For many years, SCI Systems Inc. employees joked that when Olin B. King drove to work, most of the company's senior executives were in the car with him.
That's because King wore several hats-mostly at the same time-as SCI's founder, chairman, chief executive, chief financial officer, chief information officer, and vice president of facilities.
Now King, widely considered the father of the contract electronics manufacturing industry, is retiring from his post after 35 years.
The former engineer turned entrepreneur has been credited with helping create a $90 billion industry. In June, he will be leaving a company that is expected to generate $10 billion in sales next year.
In preparation for his retirement, King has sold a third of his 6 million shares of SCI stock, he revealed last week.
With 31,000 employees at 37 manufacturing plants scattered across the globe, and several competent senior executives in place, King said the time is right for his departure. In the past 12 months, SCI has hired a chief financial officer, chief operations officer, chief information officer, and senior supply-chain manager to replace the person who used to do it all.
"It was efficient and low cost," King said of his early decision to perform several tasks at once. "We've outgrown that now."
The small company that started from the basement of King's home-Space Craft Inc.-aimed to become a private contractor working on satellites for NASA.
But when the government agency in the mid-1970s turned away from satellites toward Apollo space missions, King turned toward his own mission of saving and transforming his business by persuading vertically integrated manufacturers to outsource.
"I've been thrown out of a lot of places," King recalled. "It was not socially acceptable to tell a manufacturer to give up his manufacturing."
Eventually, a major OEM did. IBM Corp. in 1975 tapped SCI to build computer subassemblies. That big break led to other lucrative contracts, enabling SCI to be the first CEM to stretch its manufacturing capabilities to such places as Guadalajara, Mexico; Scotland; Singapore; and the Middle East.
"King's was the first company to outsource build-to-order manufacturing," said Roger Norberg, an analyst at Chase H&Q in Minneapolis. "High-volume BTO copies the Dell [Computer] model. King was definitely the driver in that market."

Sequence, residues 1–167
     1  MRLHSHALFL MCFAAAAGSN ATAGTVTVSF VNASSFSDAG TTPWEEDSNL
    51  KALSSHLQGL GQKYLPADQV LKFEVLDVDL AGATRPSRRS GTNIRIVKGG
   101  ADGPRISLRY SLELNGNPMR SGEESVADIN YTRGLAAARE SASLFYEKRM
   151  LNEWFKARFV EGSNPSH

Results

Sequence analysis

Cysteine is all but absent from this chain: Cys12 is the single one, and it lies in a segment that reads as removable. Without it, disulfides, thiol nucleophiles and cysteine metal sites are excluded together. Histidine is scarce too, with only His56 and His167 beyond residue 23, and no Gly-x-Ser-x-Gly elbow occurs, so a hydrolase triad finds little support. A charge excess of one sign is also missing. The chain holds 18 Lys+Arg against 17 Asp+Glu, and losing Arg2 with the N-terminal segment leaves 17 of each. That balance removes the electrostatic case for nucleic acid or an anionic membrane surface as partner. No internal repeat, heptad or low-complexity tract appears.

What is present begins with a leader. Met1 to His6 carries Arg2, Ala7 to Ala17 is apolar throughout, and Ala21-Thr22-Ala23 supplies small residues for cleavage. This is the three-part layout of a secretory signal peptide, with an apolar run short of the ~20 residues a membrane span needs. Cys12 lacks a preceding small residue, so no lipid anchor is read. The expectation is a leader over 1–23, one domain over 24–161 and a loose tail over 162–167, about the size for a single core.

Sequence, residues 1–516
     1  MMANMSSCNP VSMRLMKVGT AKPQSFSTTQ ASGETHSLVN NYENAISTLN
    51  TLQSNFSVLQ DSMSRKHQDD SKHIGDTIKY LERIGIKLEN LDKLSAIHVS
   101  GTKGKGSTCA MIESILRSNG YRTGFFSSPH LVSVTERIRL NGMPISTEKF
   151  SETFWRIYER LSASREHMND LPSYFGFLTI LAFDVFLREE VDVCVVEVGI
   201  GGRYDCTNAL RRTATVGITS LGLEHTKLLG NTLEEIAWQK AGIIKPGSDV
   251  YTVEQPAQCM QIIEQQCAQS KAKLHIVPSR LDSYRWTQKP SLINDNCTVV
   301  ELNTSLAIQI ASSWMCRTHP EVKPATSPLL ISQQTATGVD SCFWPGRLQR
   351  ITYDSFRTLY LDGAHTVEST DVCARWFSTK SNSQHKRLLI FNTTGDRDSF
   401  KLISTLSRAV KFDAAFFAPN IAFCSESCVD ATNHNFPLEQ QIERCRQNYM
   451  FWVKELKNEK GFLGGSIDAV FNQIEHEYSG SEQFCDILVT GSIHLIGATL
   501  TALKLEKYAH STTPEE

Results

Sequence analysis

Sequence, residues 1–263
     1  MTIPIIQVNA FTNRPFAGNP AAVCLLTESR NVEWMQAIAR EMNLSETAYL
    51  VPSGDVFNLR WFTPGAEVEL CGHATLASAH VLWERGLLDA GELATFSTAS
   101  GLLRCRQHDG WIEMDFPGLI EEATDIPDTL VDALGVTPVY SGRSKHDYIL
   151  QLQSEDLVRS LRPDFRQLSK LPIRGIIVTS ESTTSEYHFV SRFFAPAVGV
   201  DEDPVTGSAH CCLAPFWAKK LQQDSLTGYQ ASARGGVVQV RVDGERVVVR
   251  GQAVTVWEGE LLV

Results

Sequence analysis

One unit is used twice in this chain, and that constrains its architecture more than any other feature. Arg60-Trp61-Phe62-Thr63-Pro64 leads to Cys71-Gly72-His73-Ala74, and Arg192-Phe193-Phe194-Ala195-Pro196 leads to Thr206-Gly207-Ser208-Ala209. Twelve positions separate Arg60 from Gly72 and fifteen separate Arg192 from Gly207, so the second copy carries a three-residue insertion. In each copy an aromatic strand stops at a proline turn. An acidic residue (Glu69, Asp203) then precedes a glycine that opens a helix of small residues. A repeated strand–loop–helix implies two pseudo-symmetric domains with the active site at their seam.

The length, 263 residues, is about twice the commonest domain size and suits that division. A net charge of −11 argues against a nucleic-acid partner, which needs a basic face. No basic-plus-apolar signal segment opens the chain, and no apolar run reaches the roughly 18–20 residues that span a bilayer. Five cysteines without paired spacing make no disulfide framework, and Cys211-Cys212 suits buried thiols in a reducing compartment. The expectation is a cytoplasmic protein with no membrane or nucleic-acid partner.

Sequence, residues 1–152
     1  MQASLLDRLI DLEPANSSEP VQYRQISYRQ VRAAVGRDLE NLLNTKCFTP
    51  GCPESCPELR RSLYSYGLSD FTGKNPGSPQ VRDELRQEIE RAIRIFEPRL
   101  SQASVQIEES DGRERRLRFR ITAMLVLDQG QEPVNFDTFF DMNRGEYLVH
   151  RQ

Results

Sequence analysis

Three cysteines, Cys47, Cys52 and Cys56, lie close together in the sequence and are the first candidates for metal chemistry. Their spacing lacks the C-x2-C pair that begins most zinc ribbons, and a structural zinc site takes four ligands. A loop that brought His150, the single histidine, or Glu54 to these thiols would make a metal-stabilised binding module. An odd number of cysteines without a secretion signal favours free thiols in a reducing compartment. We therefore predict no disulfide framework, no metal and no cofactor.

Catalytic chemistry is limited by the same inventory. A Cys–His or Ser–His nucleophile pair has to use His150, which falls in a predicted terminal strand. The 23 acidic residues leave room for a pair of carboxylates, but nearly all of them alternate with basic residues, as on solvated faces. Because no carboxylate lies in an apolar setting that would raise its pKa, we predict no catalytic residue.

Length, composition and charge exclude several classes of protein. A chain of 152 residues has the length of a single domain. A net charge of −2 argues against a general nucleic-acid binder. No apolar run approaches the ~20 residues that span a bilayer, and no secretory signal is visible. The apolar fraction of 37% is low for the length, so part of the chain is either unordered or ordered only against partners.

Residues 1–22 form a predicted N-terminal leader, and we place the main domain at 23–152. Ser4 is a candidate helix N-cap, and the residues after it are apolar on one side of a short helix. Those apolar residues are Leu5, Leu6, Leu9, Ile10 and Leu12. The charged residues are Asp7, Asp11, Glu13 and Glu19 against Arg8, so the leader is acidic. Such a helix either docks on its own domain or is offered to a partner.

SCI went hard after the PC market, manufacturing printed-circuit boards and system assemblies. This did have a downside, according to some analysts.
"They were so busy with sales from PC customers [for many years] that they didn't jump on opportunities like Cisco Systems," said Tony Boase, an analyst at A.G. Edwards & Sons Inc. in St. Louis.
In fact, some in the industry-while acknowledging the accomplishments of SCI under King's reign-have criticized him for "micro-managing."
King's tight focus on PCs put SCI on a slower growth track than some of its major rivals, according to industry observers. SCI for several years was the CEM industry's revenue leader, until replaced at the top by Solectron Corp., which expanded through OEM divestitures and acquisitions and a more diverse customer mix, they said.
"SCI watched Solectron pass them by," said one analyst. "King didn't have the bandwith or trust his management team to buy certain businesses."
For example, when International Computer Ltd., based in the United Kingdom, was attempting to sell a subsidiary in December 1996, CEM Celestica Inc. was more aggressive about trying to acquire it, the analyst recalled.
"King didn't send a team. He sent himself. Celestica got [the $550 million] property, Design to Distribution Ltd.," he said.
Last year, however, SCI took one of several recent steps toward greater diversification by signing a $1.5 billion contract to build boards and systems for Canadian telecom giant Nortel Networks Corp.
Will King's legacy and SCI's future be safe in the hands of his successor and the company's current president and chief executive, A. Eugene Sapp Jr.? King handed Sapp the chief executive role at the end of fiscal 1999, and now has named him chairman.
"Sapp will do well. He's been in training for 30 years," joked Bob Anastasi, director of research at Raymond James & Co. in St. Petersburg, Fla. "Few people have his grooming."
Said Herve Francois, an analyst at Credit Suisse First Boston in New York, "Sapp's been working to improve SCI's image from being a PC box maker to [attract] telecom customers. He's a good manager to replace King. He can run the ship on his own and lay a foundation with the new managers," he said.